“I feel like there’s this expectation, especially at 37, that you’re going to, at some point, not miss her anymore,” Hensley said. “And I don’t think that’s the case. I’ll always miss her.”
Anna Nicole Smith
Eyebrows were raised in 1994 when a then 26-year-old Anna Nicole Smith married 89-year-old J. Howard Marshall, a billionaire as a result of his 16 percent stake in private conglomerate Koch Industries.
The relationship was highly publicized, mainly because of speculation that she married him for his money, but Smith vehemently defended their courtship as genuine.
When Marshall died the following year, a legal battle ensued for her claim of his estate against her stepson, E. Pierce Marshall. The case eventually led to two separate Supreme Court decisions supporting the ultimate ruling in 2010 that Smith had no right to her purported inheritance, which was originally valued at half-a-billion dollars.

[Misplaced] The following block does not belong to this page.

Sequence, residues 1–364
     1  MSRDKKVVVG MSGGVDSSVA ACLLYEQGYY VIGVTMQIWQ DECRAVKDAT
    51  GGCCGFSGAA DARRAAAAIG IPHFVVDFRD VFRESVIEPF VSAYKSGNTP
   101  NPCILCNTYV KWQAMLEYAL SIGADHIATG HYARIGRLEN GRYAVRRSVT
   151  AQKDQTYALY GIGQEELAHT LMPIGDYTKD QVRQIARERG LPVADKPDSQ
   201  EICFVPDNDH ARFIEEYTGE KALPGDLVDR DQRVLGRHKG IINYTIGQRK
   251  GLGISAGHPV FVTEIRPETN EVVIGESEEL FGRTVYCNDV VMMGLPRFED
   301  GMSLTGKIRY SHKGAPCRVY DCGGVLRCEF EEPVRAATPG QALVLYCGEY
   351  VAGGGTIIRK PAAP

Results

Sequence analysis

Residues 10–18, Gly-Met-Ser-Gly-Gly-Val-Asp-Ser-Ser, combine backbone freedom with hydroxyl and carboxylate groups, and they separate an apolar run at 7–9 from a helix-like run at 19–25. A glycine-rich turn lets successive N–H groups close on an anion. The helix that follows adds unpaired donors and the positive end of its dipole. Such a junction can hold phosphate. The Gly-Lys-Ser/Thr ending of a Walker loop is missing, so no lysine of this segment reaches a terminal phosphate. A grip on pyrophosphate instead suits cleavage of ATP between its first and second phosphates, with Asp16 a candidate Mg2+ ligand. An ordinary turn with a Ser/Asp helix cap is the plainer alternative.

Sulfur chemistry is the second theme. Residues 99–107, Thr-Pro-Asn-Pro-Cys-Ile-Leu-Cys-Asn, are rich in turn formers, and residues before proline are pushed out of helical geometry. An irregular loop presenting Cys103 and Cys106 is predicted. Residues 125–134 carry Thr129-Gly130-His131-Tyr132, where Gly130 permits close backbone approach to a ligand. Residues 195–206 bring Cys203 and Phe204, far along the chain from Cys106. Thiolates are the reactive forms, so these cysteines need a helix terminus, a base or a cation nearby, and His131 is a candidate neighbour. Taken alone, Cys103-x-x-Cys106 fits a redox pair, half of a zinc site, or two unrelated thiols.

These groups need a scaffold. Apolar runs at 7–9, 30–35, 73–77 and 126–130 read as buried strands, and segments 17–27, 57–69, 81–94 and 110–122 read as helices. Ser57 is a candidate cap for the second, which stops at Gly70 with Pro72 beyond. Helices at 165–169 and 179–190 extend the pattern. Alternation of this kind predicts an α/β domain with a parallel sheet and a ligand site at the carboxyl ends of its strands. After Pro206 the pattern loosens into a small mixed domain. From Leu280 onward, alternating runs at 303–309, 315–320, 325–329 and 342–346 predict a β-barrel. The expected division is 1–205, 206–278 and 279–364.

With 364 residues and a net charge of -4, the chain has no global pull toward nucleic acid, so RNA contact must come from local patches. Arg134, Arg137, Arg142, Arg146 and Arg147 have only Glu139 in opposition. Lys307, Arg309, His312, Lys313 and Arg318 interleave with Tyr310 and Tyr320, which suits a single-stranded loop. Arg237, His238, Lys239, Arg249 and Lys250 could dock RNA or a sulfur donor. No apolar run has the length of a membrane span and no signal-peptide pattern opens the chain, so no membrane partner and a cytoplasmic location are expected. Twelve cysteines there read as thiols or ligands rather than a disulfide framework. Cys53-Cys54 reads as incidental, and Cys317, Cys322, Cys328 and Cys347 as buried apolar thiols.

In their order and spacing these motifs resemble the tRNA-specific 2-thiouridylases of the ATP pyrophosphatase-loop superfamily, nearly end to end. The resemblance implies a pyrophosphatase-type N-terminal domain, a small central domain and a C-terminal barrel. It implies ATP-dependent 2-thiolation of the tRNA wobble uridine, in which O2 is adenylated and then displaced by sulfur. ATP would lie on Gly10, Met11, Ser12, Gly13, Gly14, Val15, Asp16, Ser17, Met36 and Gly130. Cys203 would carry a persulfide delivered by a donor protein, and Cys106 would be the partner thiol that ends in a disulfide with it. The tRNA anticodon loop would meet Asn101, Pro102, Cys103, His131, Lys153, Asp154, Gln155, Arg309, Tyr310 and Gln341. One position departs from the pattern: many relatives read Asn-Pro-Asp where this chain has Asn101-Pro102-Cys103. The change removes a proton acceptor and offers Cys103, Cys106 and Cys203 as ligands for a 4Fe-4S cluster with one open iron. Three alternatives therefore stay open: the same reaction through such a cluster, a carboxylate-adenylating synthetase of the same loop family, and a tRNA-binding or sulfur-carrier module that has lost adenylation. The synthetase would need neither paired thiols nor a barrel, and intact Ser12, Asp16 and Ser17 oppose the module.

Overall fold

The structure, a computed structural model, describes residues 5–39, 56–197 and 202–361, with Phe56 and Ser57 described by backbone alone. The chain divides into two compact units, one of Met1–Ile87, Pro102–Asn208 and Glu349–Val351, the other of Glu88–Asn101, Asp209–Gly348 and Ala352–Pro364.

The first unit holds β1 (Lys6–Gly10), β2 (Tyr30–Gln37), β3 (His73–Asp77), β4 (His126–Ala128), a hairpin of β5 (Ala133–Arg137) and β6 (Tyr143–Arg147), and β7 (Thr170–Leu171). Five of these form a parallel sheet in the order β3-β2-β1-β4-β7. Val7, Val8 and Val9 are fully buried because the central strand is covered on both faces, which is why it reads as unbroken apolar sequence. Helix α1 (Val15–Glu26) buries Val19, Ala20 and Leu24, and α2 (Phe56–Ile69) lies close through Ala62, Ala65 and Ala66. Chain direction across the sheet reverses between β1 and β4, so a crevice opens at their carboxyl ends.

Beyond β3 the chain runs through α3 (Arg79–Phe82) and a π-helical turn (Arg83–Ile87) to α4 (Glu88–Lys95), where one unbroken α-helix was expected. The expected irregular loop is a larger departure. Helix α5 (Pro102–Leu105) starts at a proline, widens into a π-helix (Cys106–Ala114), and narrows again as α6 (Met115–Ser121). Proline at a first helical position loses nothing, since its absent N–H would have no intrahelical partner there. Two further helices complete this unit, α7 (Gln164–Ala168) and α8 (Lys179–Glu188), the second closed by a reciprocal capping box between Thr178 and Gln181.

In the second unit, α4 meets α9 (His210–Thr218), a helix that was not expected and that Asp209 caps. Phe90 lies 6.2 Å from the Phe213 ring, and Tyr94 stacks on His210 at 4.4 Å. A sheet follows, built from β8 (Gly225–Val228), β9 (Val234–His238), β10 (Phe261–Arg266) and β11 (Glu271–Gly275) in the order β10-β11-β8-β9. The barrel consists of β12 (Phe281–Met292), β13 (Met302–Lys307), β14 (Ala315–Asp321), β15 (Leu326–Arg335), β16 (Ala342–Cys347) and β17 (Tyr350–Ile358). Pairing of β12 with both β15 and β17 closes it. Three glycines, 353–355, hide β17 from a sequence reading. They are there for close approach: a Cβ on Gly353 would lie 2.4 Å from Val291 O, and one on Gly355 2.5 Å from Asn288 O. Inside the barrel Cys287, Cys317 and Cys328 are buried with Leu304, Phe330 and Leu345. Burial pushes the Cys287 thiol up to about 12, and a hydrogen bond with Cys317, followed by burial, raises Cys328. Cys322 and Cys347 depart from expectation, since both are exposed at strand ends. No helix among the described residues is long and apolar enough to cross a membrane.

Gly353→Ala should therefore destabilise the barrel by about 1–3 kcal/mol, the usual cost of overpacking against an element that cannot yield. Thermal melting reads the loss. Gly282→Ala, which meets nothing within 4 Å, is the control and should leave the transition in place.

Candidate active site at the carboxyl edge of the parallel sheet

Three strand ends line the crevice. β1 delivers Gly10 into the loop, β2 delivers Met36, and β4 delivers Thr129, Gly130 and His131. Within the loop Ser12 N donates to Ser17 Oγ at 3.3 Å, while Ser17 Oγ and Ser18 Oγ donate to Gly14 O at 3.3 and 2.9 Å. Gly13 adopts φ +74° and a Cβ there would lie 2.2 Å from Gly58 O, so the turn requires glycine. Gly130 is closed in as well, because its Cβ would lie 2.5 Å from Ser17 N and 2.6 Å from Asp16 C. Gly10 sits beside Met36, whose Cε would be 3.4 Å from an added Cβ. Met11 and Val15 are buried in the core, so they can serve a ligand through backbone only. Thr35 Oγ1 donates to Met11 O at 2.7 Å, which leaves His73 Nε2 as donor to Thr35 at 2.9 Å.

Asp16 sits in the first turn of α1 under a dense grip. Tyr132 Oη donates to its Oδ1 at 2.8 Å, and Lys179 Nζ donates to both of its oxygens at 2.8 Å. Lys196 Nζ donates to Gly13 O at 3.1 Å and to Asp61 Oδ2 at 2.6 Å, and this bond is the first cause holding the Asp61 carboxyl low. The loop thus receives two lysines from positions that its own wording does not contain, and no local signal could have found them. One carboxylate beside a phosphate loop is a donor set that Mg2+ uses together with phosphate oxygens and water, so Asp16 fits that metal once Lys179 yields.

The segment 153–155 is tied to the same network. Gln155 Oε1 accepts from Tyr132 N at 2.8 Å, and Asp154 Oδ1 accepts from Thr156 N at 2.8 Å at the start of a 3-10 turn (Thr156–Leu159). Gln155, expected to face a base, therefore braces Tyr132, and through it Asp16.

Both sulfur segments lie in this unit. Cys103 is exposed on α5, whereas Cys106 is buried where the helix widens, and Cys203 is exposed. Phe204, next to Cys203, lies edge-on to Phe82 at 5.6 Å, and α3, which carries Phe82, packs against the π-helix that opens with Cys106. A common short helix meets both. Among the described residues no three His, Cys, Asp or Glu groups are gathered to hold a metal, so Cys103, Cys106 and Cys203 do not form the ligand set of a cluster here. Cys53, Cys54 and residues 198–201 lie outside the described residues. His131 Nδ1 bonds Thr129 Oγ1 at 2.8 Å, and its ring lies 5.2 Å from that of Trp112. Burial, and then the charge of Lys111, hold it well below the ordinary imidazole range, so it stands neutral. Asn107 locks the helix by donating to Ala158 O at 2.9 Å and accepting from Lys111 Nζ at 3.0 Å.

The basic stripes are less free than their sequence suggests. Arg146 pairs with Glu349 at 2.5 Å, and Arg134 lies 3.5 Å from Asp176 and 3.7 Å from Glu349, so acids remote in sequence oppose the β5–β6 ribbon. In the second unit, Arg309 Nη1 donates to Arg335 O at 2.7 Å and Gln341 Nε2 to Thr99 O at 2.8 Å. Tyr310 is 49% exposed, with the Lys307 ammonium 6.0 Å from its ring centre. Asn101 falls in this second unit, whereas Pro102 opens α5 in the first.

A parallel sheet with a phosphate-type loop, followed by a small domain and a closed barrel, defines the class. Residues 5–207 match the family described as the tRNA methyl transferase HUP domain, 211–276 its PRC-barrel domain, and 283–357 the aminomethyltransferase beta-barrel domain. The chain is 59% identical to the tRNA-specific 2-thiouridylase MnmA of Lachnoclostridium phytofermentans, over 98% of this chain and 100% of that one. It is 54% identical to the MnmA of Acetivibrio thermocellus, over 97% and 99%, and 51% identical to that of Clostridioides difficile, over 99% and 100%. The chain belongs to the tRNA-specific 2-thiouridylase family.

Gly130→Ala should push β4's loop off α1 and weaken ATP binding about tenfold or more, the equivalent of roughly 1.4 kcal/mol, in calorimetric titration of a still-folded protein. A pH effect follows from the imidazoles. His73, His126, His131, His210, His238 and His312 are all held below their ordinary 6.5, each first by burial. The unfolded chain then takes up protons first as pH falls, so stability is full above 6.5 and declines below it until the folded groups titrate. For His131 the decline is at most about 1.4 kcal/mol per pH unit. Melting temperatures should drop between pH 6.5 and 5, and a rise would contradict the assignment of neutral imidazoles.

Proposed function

Even if Smith was awarded the money, she never would’ve seen it, however. In 2007, at 39-years-old, she died from a prescription drug overdose. Smith’s passing came just five months after the death of her son from her first marriage, Daniel, which was also the result of an overdose.
Daniel’s death reportedly hit Smith very hard, especially because it happened three days after the birth of her second child, Daniellynn.
Besides being featured as the centerfold in the July 1959 issue, Vickers was known for starring in cult sci-fi B films “Attack of the 50 Foot Woman” and “Attack of The Giant Leeches.”
She made headlines for a final time in 2011 when a neighbor found her mummified body in her Los Angeles home.